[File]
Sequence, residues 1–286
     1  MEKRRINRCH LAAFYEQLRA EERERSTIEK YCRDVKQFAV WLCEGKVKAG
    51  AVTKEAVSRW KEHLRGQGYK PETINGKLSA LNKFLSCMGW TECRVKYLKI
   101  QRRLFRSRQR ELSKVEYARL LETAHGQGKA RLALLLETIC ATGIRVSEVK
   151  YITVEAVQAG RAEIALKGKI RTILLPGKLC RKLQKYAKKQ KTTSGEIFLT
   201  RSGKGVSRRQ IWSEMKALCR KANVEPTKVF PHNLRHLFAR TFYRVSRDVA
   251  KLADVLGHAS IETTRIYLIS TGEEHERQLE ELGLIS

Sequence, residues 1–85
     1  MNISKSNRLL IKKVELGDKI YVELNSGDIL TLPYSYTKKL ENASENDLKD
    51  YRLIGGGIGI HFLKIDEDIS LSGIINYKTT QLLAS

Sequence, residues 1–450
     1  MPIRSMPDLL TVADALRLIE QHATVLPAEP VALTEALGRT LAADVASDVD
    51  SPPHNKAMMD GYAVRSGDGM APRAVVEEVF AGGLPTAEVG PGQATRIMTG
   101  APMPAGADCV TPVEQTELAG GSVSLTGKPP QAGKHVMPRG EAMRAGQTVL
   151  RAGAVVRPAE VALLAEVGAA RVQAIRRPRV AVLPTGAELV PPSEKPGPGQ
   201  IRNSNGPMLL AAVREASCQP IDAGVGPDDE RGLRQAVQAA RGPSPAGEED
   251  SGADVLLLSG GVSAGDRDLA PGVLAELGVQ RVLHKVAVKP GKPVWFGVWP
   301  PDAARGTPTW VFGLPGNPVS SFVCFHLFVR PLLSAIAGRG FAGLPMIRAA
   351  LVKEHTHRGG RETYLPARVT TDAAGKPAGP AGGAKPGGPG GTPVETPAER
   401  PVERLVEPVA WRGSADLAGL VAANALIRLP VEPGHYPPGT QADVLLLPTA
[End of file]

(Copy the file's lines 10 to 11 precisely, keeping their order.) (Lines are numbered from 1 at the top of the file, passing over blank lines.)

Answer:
    51  YRLIGGGIGI HFLKIDEDIS LSGIINYKTT QLLAS

Sequence, residues 1–450